Can You Agree To An EULA You Never Saw?

from the probably-not dept

Slashdot points us to an interesting article about a guy involved in a legal fight with computer maker Gateway over whether or not he agreed to an arbitration clause in an end user license agreement (EULA) for his new computer. In this case, the guy claims his computer never worked properly, so he couldn't even see the on-screen license agreement that apparently included an arbitration clause, saying that he would agree to arbitrate any dispute, rather than take it to court. He then sued Gateway over problems with the machine. The case here doesn't have anything to do with whether or not that lawsuit has merit, but whether or not it could even go to court at all. Gateway contends that the guy shouldn't be able to take them to court because of the arbitration clause. But, of course, the guy claims he couldn't read the license agreement, so he certainly never agreed to it. The court found that the guy made a compelling enough case that he had not seen the license agreement, and therefore can not be forced to go to arbitration (even as some experts suggest that he actually would be better off going to arbitration, rather than through the courts). However, it also raises the question (not answered here) over what does constitute an official agreement. I've been told by lawyers that such arbitration clauses aren't even enforceable in California, but either way, with plenty of evidence that most people never read the EULAs they agree to, could they argue that the clauses don't apply as well?

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  1. identicon
    Intrepid, 9 Jun 2007 @ 9:14pm

    US Court of Appeals 7th Cir - Summary of Decision

    For full decision, see: http://www.law.pitt.edu/madison/contracts/supplement/hill_v_gateway.htm

    In the
    United States Court of Appeals
    For the Seventh Circuit

    No. 96-3294

    RICH HILL and ENZA HILL, on behalf
    of a class of persons similarly situated,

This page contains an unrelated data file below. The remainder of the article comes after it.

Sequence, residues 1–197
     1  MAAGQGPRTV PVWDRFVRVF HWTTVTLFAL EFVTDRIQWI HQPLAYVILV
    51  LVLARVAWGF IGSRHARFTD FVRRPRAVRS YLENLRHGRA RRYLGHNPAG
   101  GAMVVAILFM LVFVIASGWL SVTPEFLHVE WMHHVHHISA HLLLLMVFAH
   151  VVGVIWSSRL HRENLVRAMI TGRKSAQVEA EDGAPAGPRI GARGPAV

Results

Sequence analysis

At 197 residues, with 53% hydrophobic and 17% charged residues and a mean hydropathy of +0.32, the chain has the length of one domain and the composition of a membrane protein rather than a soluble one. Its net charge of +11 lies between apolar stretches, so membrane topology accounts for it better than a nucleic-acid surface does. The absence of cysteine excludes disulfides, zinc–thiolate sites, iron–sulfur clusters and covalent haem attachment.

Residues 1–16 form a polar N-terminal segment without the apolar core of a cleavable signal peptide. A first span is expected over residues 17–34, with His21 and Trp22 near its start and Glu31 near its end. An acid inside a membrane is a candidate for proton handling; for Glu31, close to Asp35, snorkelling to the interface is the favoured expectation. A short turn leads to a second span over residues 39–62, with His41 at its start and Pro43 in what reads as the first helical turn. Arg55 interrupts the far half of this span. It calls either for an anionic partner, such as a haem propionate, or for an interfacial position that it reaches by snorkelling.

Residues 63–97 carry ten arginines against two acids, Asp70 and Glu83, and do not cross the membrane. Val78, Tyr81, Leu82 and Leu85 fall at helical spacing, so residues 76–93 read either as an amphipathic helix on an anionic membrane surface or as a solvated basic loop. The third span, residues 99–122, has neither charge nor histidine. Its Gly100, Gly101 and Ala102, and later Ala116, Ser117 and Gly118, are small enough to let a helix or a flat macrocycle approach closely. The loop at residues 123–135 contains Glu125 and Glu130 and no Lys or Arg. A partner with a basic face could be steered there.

Plaintiffs-Appellees,

    v.

    GATEWAY 2000, INC., and DAVID PRAIS,

    Defendants-Appellants.

    Appeal from the United States District Court
    for the Northern District of Illinois, Eastern Division.
    No. 96 C 4086--Suzanne B. Conlon, Judge.


    ARGUED DECEMBER 10, 1996--DECIDED JANUARY 6, 1997

    Before CUMMINGS, HARLINGTON WOOD, JR., and
    EASTERBROOK, Circuit Judges.


    -->> A customer picks up the phone, orders a computer, and gives a credit card number. Presently a box arrives, containing the computer and a list of terms, said to govern unless the customer returns the computer within 30 days. Are these terms effective as the parties' contract, or is the contract term- free because the order-taker did not read any terms over the phone and elicit the customer's assent?


    One of the terms in the box containing a Gateway 2000 system was an arbitration clause. Rich and Enza Hill, the customers, kept the computer more than 30 days before complaining about its components and performance. They filed suit in federal court arguing, among other things, that the product's shortcomings make Gateway a racketeer (mail and wire fraud are said to be the predicate offenses), leading to treble damages under RICO for the Hills and a class of all other purchasers. Gateway asked the district court to enforce the arbitration clause; the judge refused, writing that "[t]he present record is insufficient to support a finding of a valid arbitration agreement between the parties or that the plaintiffs were given adequate notice of the arbitration clause." Gateway took an immediate appeal, as is its right. 9 U.S.C. § 16(a)(1)(A).


    The Hills say that the arbitration clause did not stand out: they concede noticing the statement of terms but deny reading it closely enough to discover the agreement to arbitrate, and they ask us to conclude that they therefore may go to court. Yet an agreement to arbitrate must be enforced "save upon such grounds as exist at law or in equity for the revocation of any contract." 9 U.S.C. § 2. Doctor's Associates, Inc. v. Casarotto, 517 U.S. 681 (1996), holds that this provision of the Federal Arbitration Act is inconsistent with any requirement that an arbitration clause be prominent. A contract need not be read to be effective; people who accept take the risk that the unread terms may in retrospect prove unwelcome. . . . Terms inside Gateway's box stand or fall together. If they constitute the parties' contract because the Hills had an opportunity to return the computer after reading them, then all must be enforced.

    * * *

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